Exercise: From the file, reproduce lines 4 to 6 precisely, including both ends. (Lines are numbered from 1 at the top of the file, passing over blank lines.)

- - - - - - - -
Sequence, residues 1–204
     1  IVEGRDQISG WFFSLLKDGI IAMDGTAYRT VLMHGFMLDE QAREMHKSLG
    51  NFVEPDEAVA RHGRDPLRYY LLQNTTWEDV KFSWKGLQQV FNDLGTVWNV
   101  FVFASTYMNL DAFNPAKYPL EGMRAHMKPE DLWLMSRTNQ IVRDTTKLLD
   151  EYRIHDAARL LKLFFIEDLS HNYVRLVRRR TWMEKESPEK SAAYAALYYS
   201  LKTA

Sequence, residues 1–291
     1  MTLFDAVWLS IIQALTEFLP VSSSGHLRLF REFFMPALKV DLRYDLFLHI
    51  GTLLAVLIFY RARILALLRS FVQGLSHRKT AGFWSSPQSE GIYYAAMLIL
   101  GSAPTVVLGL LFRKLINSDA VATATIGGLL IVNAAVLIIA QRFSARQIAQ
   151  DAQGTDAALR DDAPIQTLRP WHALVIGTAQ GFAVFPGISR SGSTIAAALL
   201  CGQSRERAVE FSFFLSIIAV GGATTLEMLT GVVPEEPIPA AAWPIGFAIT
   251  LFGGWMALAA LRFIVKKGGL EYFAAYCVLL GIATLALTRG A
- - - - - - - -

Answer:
   101  FVFASTYMNL DAFNPAKYPL EGMRAHMKPE DLWLMSRTNQ IVRDTTKLLD
   151  EYRIHDAARL LKLFFIEDLS HNYVRLVRRR TWMEKESPEK SAAYAALYYS
   201  LKTA